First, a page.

This sheet is about exposure to pseudoephedrine in pregnancy and while breastfeeding. This information should not take the place of medical care and advice from your healthcare provider.
What is pseudoephedrine?
Pseudoephedrine is a decongestant that has been used to treat nasal congestion (“stuffy nose”) caused by colds or allergies. Pseudoephedrine can be combined with other ingredients to help treat symptoms that may come with having a cold or allergies. Pseudoephedrine is sold under many different brand names, including Biofed®, Cenafed®, Sudafed® and Nexafed®.
Sometimes when people find out they are pregnant, they think about changing how they take their medication, or stopping their medication altogether. However, it is important to talk with your healthcare providers before making any changes to how you take this medication. Your healthcare providers can talk with you about the benefits of treating your condition and the risks of untreated illness during pregnancy.
I take pseudoephedrine. Can it make it harder for me to get pregnant?
It is not known if pseudoephedrine could make it harder to get pregnant.
Does taking pseudoephedrine increase the chance for miscarriage?
Miscarriage is common and can occur in any pregnancy for many different reasons. Studies have not been done to see if pseudoephedrine increases the chance for miscarriage.
Does taking pseudoephedrine increase the chance of birth defects?
Every pregnancy starts out with a 3-5% chance of having a birth defect. This is called the background risk. When pseudoephedrine is used during the first trimester, most studies have not found an increased chance for birth defects.
Some studies have found a small increased chance for specific birth defects, such as gastroschisis (an opening in the baby’s abdominal wall), small intestinal atresia (part of the small intestine is not fully developed) and hemifacial microsomia (part of the face is smaller than usual). The risk for these birth defects, if any, is considered to be small.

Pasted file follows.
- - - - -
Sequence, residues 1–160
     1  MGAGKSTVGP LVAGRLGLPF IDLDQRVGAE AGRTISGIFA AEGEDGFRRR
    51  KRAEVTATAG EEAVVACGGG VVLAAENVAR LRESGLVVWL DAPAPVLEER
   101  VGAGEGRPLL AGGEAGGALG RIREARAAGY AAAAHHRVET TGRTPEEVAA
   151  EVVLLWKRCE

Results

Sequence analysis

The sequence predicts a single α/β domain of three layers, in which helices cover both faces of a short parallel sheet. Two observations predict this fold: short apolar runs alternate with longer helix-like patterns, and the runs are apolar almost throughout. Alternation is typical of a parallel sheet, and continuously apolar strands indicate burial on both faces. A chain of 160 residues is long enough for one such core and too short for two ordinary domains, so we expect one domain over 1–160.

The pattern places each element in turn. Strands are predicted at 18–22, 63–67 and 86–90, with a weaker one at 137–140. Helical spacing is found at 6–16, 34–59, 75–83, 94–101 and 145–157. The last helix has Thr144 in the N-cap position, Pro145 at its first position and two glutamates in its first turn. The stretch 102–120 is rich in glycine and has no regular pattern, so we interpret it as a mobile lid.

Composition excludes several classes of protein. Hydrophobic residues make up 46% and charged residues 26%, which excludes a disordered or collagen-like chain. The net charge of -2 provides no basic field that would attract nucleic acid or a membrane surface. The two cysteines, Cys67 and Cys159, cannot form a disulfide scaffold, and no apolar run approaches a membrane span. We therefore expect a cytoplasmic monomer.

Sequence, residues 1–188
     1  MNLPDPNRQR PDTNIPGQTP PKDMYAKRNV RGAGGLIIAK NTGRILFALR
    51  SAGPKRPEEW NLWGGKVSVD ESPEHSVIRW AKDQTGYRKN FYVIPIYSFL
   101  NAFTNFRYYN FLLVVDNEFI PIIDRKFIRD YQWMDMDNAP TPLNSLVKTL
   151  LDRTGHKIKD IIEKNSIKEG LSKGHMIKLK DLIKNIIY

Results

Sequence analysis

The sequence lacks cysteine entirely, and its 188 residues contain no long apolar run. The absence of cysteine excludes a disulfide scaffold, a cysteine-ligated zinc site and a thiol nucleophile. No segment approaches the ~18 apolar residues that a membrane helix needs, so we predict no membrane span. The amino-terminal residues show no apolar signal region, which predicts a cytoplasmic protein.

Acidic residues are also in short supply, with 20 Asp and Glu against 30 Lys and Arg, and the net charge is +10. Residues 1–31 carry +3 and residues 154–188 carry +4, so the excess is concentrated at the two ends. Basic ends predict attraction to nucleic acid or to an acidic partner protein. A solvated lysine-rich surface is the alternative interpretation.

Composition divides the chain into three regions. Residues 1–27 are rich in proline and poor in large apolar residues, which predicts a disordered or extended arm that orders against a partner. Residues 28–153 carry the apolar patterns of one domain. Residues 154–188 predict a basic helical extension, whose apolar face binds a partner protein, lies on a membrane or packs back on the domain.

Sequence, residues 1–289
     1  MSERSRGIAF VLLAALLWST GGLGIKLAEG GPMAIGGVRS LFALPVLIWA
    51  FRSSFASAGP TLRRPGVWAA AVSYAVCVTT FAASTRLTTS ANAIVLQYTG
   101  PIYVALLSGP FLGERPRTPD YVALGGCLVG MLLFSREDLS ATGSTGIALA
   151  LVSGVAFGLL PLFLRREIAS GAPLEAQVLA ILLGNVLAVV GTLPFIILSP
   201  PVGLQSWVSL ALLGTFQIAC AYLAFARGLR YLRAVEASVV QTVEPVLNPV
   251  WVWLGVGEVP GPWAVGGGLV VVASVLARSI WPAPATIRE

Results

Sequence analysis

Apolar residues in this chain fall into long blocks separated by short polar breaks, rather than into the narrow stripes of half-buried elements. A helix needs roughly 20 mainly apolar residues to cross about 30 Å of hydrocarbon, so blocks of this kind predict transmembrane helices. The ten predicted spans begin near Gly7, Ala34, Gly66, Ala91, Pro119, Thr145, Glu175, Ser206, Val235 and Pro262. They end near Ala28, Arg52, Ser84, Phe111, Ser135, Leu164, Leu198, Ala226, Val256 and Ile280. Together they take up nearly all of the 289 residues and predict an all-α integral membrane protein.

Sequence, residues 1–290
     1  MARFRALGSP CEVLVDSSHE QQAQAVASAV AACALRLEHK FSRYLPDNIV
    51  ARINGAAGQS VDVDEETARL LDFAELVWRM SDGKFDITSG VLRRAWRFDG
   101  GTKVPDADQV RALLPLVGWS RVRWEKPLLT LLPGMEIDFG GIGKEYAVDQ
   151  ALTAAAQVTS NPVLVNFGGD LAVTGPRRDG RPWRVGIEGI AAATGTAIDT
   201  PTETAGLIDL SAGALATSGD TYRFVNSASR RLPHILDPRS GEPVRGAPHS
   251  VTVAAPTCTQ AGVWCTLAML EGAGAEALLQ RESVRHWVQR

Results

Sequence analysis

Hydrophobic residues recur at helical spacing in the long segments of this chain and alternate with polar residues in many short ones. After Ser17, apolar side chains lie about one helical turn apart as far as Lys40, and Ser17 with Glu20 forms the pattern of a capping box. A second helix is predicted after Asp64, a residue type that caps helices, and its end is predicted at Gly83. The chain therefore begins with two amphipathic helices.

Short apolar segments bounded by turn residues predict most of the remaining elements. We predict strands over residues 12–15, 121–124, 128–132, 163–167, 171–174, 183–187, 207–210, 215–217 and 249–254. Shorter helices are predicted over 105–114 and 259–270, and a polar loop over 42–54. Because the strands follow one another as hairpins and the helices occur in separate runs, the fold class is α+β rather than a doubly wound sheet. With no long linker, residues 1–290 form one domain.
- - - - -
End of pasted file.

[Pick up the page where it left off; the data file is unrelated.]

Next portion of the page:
Does taking pseudoephedrine in pregnancy increase the chance of other pregnancy-related problems?
Based on the studies reviewed, it is not known if pseudoephedrine can cause other pregnancy-related problems, such as preterm delivery (birth before week 37) or low birth weight (weighing less than 5 pounds, 8 ounces [2500 grams] at birth).
Pseudoephedrine can constrict blood vessels, which might raise blood pressure. If you have high blood pressure, talk to your healthcare provider about medications that would be best for you.
Does taking pseudoephedrine in pregnancy affect future behavior or learning for the child?
Studies have not been done to see if pseudoephedrine can cause behavior or learning issues for the child.
Breastfeeding while taking pseudoephedrine:
At recommended doses, only a small amount of pseudoephedrine gets into breast milk. In most cases, pseudoephedrine is not likely to cause side effects in the breastfed baby. A few cases of irritability have been reported. If you suspect the child has any symptoms (irritability, trouble with sleeping, tremors, trouble with feeding, or trouble with weight gain) contact the child’s healthcare provider. Pseudoephedrine may lower the amount of milk that your body makes. If you notice a decrease in your milk supply, talk with your healthcare provider or a lactation specialist. Be sure to talk to your healthcare provider about all your breastfeeding questions.
If a male takes pseudoephedrine, could it affect fertility (ability to get partner pregnant) or increase the chance of birth defects?
Studies have not been done to see if pseudoephedrine could affect male fertility or increase the chance of birth defects above the background risk. In general, exposures that fathers or sperm donors have are unlikely to increase the risks to a pregnancy. For more information, please see the MotherToBaby fact sheet Paternal Exposures at https://mothertobaby.org/fact-sheets/paternal-exposures-pregnancy/.
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OTIS/MotherToBaby encourages inclusive and person-centered language. While our name still contains a reference to mothers, we are updating our resources with more inclusive terms. Use of the term mother or maternal refers to a person who is pregnant. Use of the term father or paternal refers to a person who contributes sperm.